Terrible things happen to human fingernails in space: what scientists have discovered
Humans evolved on Earth and are accustomed to this environment. If you go into space, the human body undergoes significant changes, and this will negatively affect your health and well-being. First of all, there is a loss of bone and muscle density, as well as problems with vision and urination.
However, the space environment has the greatest impact on the quality of astronauts' nails. ScienceAlert has published a study on this issue.
Onycholysis is the separation of the nail plate from the soft tissues of the finger phalanx. This is the disease that occurs in those who have been in outer space. All this happens because of the low ambient pressure, which negatively affects humans.
To protect yourself as much as possible, the spacesuit must be completely sealed. According to the astronaut team, when the sleeves are under pressure, they restrict movement and create discomfort during tasks, which leads to pain, muscle fatigue, and more serious illnesses such as onycholysis.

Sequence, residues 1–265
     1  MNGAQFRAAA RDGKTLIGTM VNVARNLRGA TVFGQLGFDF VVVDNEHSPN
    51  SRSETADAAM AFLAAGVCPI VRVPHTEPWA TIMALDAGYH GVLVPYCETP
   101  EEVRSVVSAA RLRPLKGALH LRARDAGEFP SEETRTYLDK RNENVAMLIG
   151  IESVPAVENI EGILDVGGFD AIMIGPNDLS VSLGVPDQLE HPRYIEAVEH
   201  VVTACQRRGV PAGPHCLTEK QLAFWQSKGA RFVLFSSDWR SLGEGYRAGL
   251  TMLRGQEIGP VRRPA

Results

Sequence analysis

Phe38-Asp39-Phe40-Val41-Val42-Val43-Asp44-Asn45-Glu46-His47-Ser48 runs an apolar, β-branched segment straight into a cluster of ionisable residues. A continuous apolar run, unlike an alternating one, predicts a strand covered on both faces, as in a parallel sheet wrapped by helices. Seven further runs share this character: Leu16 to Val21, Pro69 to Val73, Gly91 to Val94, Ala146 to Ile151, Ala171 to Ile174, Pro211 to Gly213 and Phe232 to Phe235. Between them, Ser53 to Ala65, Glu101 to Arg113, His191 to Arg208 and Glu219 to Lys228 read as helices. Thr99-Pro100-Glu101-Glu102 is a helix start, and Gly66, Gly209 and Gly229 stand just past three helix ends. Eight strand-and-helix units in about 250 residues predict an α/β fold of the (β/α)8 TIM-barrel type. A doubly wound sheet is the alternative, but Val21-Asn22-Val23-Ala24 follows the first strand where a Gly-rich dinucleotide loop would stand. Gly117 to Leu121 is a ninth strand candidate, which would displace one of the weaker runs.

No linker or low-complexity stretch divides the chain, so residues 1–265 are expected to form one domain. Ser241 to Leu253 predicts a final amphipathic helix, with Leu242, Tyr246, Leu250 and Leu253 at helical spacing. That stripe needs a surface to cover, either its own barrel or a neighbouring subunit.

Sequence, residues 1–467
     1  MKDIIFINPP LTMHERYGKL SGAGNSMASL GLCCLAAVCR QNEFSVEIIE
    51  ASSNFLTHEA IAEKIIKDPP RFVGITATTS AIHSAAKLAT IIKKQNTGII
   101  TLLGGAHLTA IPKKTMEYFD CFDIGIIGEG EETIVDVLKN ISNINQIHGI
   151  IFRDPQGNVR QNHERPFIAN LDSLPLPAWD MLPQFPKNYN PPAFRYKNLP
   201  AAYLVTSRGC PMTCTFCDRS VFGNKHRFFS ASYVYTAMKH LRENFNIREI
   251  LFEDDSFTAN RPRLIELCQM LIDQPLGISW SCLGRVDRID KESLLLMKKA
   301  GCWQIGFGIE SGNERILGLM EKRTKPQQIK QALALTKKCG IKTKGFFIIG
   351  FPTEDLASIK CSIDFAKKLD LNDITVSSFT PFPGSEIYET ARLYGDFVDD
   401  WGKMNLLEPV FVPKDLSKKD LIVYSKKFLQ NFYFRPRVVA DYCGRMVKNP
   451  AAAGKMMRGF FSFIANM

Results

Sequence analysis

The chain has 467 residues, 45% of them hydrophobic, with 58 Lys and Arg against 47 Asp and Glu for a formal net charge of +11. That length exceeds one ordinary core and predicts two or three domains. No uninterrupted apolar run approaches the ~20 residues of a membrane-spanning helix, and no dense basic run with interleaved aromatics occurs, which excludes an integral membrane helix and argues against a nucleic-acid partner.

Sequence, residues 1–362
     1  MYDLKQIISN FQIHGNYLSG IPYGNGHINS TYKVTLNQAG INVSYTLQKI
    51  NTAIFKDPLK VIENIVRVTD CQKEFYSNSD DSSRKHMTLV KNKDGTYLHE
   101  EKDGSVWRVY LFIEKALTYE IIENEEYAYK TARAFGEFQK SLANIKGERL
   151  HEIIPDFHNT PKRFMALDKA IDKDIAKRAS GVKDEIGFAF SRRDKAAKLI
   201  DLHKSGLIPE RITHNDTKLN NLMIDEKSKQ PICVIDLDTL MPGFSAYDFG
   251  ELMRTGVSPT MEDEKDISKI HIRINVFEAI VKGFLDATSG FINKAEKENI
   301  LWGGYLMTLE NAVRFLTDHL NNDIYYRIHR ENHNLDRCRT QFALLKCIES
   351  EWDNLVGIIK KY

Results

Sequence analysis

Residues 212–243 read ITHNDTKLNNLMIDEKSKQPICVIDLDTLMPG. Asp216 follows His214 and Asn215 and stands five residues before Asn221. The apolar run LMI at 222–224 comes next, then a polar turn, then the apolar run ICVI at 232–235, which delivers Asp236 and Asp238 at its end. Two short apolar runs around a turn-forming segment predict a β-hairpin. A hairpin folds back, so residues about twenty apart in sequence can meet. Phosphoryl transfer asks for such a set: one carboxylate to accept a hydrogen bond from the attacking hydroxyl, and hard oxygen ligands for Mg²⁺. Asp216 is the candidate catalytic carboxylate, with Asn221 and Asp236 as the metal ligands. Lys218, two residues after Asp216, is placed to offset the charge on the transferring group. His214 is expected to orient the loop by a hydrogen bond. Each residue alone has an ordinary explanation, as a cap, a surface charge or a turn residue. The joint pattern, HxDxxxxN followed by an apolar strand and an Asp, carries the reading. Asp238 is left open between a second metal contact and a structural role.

Scientists noted that changing gloves and their design did not improve the situation. In 2010, a team of researchers studied 232 hand injuries reported by astronauts and found that spacesuit gloves restricted knuckle mobility, which put more pressure on the fingers, leading to reduced blood flow and tissue damage.
Space suit gloves consist of at least four layers:
- the first layer, which is in contact with the skin;
- a layer that inflates and becomes rigid when the gloves are under pressure;
- a restrictive layer to counteract stiffness and allow movement;
- a thermal layer that protects against the external environment.
According to scientists, most injuries occur on the middle finger. The size of the gloves and the length of the middle finger are also important. Onycholysis is more likely in women than in men.
Fortunately, scientists are working on new spacesuits that will protect astronauts from the terrible disease.
Earlier, OBOZ.UA published the discovery of scientists that there may be "life zones" on Mercury.